Utility of the SIRS-2 in Distinguishing Genuine From Simulated Dissociative Identity Disorder

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Abstract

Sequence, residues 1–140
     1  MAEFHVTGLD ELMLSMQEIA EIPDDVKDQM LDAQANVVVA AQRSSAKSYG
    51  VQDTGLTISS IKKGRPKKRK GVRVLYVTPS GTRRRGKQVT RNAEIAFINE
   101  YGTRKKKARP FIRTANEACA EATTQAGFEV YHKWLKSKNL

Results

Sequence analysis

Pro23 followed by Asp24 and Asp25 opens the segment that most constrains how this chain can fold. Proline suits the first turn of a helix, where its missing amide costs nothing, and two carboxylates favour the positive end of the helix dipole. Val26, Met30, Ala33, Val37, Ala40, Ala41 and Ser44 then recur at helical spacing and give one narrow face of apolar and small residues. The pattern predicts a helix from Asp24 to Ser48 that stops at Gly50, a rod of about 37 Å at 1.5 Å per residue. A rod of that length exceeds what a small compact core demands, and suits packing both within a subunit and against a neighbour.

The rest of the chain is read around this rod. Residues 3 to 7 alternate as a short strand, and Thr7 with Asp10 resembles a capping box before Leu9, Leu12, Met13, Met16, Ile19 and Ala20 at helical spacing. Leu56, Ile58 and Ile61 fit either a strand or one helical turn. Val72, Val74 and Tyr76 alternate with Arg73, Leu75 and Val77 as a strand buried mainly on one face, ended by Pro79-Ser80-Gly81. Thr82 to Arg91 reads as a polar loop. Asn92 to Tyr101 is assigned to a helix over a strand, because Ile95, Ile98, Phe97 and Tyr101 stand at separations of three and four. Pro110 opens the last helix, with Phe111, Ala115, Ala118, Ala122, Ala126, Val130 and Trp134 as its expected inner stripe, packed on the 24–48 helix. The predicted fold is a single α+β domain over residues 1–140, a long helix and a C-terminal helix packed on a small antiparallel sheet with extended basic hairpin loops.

Individuals with trauma histories often elevate on validity scales and forensic interviews intended to detect symptom exaggeration or “faking bad.” A widely used forensic interview designed to detect feigned psychiatric illness, the Structured Interview of Reported Symptoms (SIRS; Rogers, Bagby, & Dickens, 1992), overclassifies individuals with complex trauma, including patients with dissociative identity disorder (DID), as feigners (Brand, McNary, Loewenstein, Kolos, & Barr, 2006; Rogers, Payne, Correa, Gillard, & Ross, 2009). However, a new Trauma Index shows promise of being useful in accurately distinguishing feigned versus genuine individuals with severe trauma (Rogers et al., 2009). No studies have examined the performance of the new edition of the SIRS, the SIRS-2 (Rogers, Sewell, & Gillard, 2010), with severely traumatized or dissociative individuals. This study sought to determine the utility of the SIRS, the SIRS-2, and the Trauma Index in distinguishing genuine DID from simulated DID. A sample of 49 DID patients was compared to 77 well-coached DID simulators. The SIRS classification rules combined with the Trauma Index, as well as the Trauma Index alone, provided the best balance of sensitivity and specificity, with similar overall diagnostic power. The SIRS-2, either alone or combined with the Trauma Index, was not as sensitive as the SIRS or Trauma Index alone. However, the SIRS-2 demonstrated excellent specificity.

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